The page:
The day 12-year-old Cassie Sontag got sick, she may have saved the life of her 17-year-old sister, Brittany. And vice versa.

A student at Inola High School, Brittany Sontag has learned the value of faith, family, and friends. Her incredible journey began September 2003, when she hovered near death.

“Dr. K[irpatrick] doesn't pull any punches," said mother, Kathy Sontag. "He never has.”

One of a team of specialists that worked on Brittany and continues to monitor her care, the doctor warned Kathy that her daughter's chances for survival were slim.

School was starting and Brittany slept all the time, couldn't eat or when she did, couldn't keep food down. Doctors first told her she had a virus, but her body was telling her what she couldn't explain, that this was something far worse. She was anemic and lost so much weight, doctors next thought she might be anorexic. Eventually diagnosed with mono, Brittany declined quickly.

On Aug. 30, 2003, the family was at the Claremore Recreation Center celebrating Cassie's birthday. Brittany couldn't breathe. They took her to Claremore Indian Hospital where she was sent to the emergency room for tests. Her liver and spleen were enlarged. She was transported to St. Francis Hospital on Sept. 1, 2003.

Doctors put Brittany into a drug-induced coma. Her blood oxygen was close to 40, and she was dangerously near death.

"They put her into a coma to stabilize her," said Kathy. "They didn't expect her to live."

Rounds of testing eliminated the most obvious diseases. Eventually they went to the less obvious, and Brittany was diagnosed with Hemophagocytic Lymphohistiocytosis (HLH), a rare disease affecting one person in 200,000.

During her time in the hospital, Brittany's spleen ruptured. She must now take penicillin twice daily and will have to remain on antibiotics the rest of her life due to the loss of her spleen. She endured a year of chemo and medication to restore her health.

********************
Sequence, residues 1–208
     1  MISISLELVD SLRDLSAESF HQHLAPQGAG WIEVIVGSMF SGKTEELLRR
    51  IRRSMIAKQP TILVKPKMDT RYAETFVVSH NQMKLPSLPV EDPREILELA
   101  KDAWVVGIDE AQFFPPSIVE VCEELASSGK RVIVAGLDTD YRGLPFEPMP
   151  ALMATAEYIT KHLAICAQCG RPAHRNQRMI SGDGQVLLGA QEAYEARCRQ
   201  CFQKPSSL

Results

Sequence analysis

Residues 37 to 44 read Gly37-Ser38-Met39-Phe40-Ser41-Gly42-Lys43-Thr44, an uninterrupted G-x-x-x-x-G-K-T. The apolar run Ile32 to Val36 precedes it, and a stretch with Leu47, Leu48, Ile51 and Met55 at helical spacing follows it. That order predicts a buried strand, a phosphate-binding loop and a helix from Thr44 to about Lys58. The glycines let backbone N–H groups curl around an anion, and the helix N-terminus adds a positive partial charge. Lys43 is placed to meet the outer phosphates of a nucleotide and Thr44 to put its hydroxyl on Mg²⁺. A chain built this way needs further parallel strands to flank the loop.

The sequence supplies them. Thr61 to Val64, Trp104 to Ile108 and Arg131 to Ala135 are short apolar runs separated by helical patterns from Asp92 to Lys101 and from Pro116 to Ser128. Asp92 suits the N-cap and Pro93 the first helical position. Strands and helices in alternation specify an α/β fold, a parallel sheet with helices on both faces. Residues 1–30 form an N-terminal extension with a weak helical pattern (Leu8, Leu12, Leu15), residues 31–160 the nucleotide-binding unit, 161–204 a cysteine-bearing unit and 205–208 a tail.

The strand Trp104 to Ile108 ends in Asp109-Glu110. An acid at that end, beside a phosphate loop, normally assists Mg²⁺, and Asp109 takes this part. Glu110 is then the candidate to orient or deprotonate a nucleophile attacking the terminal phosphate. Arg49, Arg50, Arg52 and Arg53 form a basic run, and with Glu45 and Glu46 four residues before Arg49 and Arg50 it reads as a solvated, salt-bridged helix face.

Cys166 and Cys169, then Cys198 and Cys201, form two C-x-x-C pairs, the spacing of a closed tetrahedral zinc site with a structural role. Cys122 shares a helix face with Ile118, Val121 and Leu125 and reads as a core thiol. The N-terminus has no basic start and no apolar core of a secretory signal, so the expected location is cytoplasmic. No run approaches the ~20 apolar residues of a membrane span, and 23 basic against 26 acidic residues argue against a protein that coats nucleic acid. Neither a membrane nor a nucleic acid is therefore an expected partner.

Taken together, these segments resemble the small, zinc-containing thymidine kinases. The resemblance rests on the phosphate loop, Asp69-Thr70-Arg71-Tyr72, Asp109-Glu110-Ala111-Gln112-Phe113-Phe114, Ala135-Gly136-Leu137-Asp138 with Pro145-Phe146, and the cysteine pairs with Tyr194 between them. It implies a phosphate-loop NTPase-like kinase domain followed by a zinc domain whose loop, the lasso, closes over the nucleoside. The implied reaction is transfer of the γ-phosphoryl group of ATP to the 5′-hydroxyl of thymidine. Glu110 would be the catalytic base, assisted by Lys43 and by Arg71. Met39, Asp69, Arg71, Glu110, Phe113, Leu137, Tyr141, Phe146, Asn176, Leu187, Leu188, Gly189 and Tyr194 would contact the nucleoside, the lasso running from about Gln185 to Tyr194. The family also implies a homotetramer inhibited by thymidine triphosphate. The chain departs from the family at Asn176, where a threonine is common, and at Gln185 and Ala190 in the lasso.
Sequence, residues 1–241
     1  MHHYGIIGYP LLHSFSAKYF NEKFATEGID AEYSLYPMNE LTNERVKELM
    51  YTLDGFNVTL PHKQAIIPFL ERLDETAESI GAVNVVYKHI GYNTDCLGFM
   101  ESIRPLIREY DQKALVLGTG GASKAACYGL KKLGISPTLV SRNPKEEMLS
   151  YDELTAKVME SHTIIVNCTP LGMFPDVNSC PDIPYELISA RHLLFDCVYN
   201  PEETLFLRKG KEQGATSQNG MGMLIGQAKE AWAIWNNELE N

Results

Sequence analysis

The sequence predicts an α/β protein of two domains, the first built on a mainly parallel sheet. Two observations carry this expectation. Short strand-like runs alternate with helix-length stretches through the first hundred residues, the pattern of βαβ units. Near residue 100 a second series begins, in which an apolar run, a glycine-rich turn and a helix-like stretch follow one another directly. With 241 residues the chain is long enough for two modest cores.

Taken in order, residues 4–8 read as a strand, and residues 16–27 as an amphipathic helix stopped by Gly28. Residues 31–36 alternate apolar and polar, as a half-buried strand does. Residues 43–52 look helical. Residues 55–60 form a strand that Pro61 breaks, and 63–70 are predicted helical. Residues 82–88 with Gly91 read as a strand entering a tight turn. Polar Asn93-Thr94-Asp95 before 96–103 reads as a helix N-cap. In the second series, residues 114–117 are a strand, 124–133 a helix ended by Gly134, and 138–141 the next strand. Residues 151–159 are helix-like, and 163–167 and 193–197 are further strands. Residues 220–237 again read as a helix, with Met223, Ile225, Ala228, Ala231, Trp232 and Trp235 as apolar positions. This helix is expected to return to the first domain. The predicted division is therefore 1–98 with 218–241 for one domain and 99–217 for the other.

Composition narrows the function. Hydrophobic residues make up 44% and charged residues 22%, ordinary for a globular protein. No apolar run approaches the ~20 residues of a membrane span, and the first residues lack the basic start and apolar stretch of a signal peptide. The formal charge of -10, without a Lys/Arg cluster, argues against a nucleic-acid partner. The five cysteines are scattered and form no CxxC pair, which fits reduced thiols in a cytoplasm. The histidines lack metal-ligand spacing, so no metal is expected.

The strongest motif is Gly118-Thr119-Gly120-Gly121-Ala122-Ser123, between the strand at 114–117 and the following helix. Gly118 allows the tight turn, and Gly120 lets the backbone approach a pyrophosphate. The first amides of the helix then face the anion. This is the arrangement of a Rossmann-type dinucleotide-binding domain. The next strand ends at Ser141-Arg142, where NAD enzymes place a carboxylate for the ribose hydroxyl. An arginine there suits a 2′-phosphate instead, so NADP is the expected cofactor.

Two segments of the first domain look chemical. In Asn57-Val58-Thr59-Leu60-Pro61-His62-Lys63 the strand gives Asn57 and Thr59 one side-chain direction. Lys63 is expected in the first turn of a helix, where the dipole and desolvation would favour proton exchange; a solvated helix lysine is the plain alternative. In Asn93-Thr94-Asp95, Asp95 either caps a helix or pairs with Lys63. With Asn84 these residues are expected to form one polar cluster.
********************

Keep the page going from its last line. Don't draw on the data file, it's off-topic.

Despite her illness, Brittany stays upbeat.

"I noticed how many people care. You have to keep a positive attitude and have faith in God," she said. "It makes it easier to fight this disease."

As long as doctors keep her informed, Brittany doesn't mind cooperating with treatments.

"I've never been afraid," she said.

During her treatment, homebound teaching kept her from losing a grade in school, but Brittany was anxious to get back to church.

"The first thing she said when she started getting better in the hospital was 'I want to go to church,'" remembered Kathy.

"Brittany is a youth leader," said Judy Conwell, Brittany's youth director at Inola United Methodist Church. "She absolutely has the best attitude I've ever been around in my life."

Brittany's younger sister, Cassie, took ill September of this year. She had been sick for a week. Her doctor thought she had a stomach bug, and she stayed home from school, sleeping a lot, running a high fever, and throwing up.

"Mom, she's got what I have. This is exactly how I was," Brittany worried. But the odds were against it. Even though one form of the disease has a genetic link, the likelihood of siblings contracting it is so rare that no one else suspected it could be the same illness.

"I believed them at first (that it was a stomach bug)," said Cassie. But she wanted to go back to the doctor. She knew what the flu felt like, and that this was much worse.

On Sept. 12, 2006, Cassie found herself in the same room and the same bed sister Brittany had occupied three years earlier. This time, Kathy had put her foot down and insisted Cassie be transferred to St. Francis and tested for HLH.

The test came back positive. Cassie is undergoing treatment, an updated protocol. Brittany's experience with the disease means Cassie's illness was caught earlier. With Brittany by her side to support her, Cassie's journey has been a little bit easier than her sister's had been.

HLH takes different forms. Genetic testing would have confirmed what was now obvious, that Brittany and Cassie have the familial form, not the cancerous version, but insurance would not pay for the testing at the time of Brittany's diagnosis. Cassie's illness told them that Brittany is not cured.

"The doctor said this form will come back with a vengeance, and it will be worse," said Kathy. "It can't get worse. Brittany almost died. She has no spleen."

Kathy does not understand why insurance companies are not more cooperative on the preventative end. Testing siblings and avoiding Cassie's hospitalization would have saved money in the long run. Due to Cassie's illness, sisters, Ashley, age 21, and Deidre, age 13, will be tested for the disease.